This may well be - as some have implied - more of the same (though I don't really agree) but if 'the same' is as gorgeous as this, then bring it on. When you have a singer with a voice of near-perfect loveliness like Alison Krauss, a dobro player of the calibre of Jerry Douglas, and a second singer as good as Dan K, you know you're onto a winner.
I've yet to hear a below par album by the band, and this sounds to me like one of their most thoughtful, evocative records to date.
Alison sings most of the songs, with Dan taking lead on a handful. The combination of their two voices is heard to good advantage on some tracks too. Many of the songs on this 2011 release are slow and contemplative, giving it a grave beauty.
If you have the Exclusive Deluxe Edition as I do (as usual Amazon has lumped all the reviews together, whatever the edition) you're rewarded with six extra tracks, three of them from their album Live, which seems a bit odd, but as I don't have that one I'm not complaining.
I was fortunate enough to see Alison Krauss and Union Station in Manchester about ten years ago, and will never forget what a great gig it was, and how hilarious Alison is between songs. (You'd never think to look at her!) To have their music on so many CDs now is to be able to listen to some of the loveliest music being made right now.
There are two excellent cover versions that I should mention: Jackson Browne's My Opening Farewell and Richard Thompson's Dimming of the Day, both ideally suited to the sweetly plaintive soprano of Ms Krauss. They also do a Tim O'Brien song, and the band's banjo player Ron Block sings his own Faraway Land. And there's much else besides.
Alison K has one of the most captivating voices in the world, and she shows why on this lovingly put together album.

0Comment| 2 people found this helpful. Was this review helpful to you?YesNoReport abuse
VINE VOICEon 13 April 2011
Over the past few years, it's become obvious to me that Alison Krauss and her band don't just make music, they understand it. That's been absolutely key to the generation of such wonderful structure in their albums and the songs on them. They know when a song needs the traditional touch or when a tune needs Douglas' dobro to smash its way through, and Alison knows when to give way to Tyminski's increasingly rich vocals.

The result is that this album, unsurprisingly, contains a veritable showcase of how music should be made. It most certainly wasn't rushed (that was quite a gap since Lonely Runs Both Ways) and despite Krauss' recent commercialisation it remains solidly grounded. The band know who to call when it comes to production values too, and the result as ever is a warm, full sound that still knows how to be subtle.

The album's eponymous track, Paper Airplane, comes right at the start and does a sterling job of setting the stage. Krauss' almost haunting chorus vocals certainly make you take note, and Robert Lee Castleman's lyrical penmanship is especially noteworthy. Immediately following, we're introduced again to a more traditional bluegrass song from Tyminski who sounds more confident than previously, and rises to the occasion in spectacular fashion when called upon, a total of three times on the record.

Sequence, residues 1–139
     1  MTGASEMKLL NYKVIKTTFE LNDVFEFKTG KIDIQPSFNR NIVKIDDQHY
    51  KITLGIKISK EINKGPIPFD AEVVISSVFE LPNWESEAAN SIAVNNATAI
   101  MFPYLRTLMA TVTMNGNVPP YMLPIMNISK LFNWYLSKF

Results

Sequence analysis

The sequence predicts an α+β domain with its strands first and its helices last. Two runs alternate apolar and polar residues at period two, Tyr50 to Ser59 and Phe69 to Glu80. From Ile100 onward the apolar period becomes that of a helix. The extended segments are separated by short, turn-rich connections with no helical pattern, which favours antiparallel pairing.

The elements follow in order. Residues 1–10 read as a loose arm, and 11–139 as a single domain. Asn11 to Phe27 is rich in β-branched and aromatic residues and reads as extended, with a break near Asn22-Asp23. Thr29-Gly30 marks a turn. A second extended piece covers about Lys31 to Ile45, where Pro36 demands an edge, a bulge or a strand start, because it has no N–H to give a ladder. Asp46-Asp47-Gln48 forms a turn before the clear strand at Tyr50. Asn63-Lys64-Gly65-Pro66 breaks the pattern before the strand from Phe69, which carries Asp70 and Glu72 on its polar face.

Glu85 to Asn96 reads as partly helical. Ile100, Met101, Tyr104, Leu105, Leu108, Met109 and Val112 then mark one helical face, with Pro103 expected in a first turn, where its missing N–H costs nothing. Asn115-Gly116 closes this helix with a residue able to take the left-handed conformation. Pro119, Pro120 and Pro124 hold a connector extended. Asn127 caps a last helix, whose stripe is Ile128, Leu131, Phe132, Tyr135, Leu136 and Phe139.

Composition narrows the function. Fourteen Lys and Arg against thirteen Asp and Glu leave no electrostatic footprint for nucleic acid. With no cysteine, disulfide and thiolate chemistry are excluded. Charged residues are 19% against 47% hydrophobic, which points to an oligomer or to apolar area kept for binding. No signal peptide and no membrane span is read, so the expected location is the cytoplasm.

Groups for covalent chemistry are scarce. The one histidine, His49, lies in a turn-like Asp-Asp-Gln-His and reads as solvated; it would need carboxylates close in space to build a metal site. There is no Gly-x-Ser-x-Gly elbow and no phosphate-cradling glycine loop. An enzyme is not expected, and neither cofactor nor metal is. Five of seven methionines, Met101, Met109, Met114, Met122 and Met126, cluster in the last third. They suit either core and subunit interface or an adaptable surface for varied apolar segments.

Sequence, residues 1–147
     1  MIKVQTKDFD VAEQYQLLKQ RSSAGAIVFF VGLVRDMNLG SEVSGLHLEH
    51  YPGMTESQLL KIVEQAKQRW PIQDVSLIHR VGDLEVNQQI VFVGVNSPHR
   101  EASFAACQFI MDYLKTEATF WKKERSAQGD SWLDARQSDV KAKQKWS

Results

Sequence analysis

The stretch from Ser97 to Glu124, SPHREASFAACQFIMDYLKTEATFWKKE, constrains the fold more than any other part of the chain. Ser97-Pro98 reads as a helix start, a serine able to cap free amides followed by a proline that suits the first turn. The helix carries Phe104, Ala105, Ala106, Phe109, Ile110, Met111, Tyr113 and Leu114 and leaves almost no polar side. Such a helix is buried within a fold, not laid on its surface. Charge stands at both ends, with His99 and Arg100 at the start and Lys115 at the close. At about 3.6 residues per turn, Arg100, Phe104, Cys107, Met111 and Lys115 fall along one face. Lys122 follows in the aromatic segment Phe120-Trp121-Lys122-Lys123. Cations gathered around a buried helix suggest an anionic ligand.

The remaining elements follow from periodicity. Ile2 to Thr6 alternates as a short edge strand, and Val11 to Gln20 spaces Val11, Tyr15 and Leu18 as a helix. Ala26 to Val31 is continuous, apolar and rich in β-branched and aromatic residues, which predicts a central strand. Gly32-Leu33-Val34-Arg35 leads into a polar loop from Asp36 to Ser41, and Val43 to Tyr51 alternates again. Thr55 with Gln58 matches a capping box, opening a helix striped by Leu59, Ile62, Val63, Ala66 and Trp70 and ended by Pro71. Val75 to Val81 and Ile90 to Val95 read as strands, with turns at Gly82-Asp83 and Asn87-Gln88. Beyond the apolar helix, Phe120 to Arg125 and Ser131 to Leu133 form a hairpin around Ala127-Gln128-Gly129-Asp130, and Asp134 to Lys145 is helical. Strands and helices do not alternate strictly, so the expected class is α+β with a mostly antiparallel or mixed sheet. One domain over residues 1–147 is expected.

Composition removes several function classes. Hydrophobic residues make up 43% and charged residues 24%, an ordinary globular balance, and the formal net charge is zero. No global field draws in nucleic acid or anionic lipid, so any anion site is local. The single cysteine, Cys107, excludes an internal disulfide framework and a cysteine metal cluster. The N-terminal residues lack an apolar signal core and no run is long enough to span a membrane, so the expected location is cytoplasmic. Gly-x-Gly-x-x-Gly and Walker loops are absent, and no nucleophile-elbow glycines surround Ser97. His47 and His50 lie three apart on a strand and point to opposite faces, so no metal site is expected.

Not wanting to go through tracks one by one, stand-out choices for me (other than the title track) would be: My Love Follows You Where You Go, a wonderfully blended tale of heartbreak and eternal longing; On The Outside Looking In, a Tyminski rendition of a Tim O'Brien-penned story about waiting for unrequited love; and Lie Awake, an entrancingly tuned and harmonised song about indecision in a relationship - are you noticing a pattern in subject matter yet?

It almost goes without saying that instrumentally the album is spot-on, with all band members showing true versatility. Similarly, harmony vocals range from punchy to hair-raising; Krauss is lucky to have the gents along for the ride in that regard. However, there's no instrumental! No equivalent to Choctaw Hayride or Unionhouse Branch. Newcomers may appreciate this, die-hards may not. Can we forgive them this once? Probably.

What is there to say in such short order as a summary? The album more than deserves its seat next to the previous successes. Alison Krauss and Union Station never fail to produce something spectacular when they get together. Just... can we not be made to wait over half a decade until the next one?
11 comment| 6 people found this helpful. Was this review helpful to you?YesNoReport abuse
on 13 September 2014
Now Alison makes me cry almost every time I hear her sing; she has the voice of an angel, but putting that aside, Paper Airplane is nothing short of a triumph in blue-grass music. The songs presented here are beautifully crafted and played to the usual high standard that you and I have come to expect, and they do nothing but take me away to that 'special place'. Superb!

Just an absolute joy.

Now where are the Kleenex?
0Comment| 2 people found this helpful. Was this review helpful to you?YesNoReport abuse
on 8 March 2015
With this CD, Alison & Union Station once more confirm they are at the very top of the genre. It may take a few times listening the CD through to really appreciate the quality, but it is a gem. Jerry's dobro playing is much more subdued than usual, and it enhances (at least for me) the enjoyment of the music. Dan's lyrics are, as ever, compelling and Alison's voice is sometimes haunting, really great. This is a CD to be treasured....
0Comment| One person found this helpful. Was this review helpful to you?YesNoReport abuse

Customers also viewed these items


Need customer service? Click here

Sponsored Links

  (What is this?)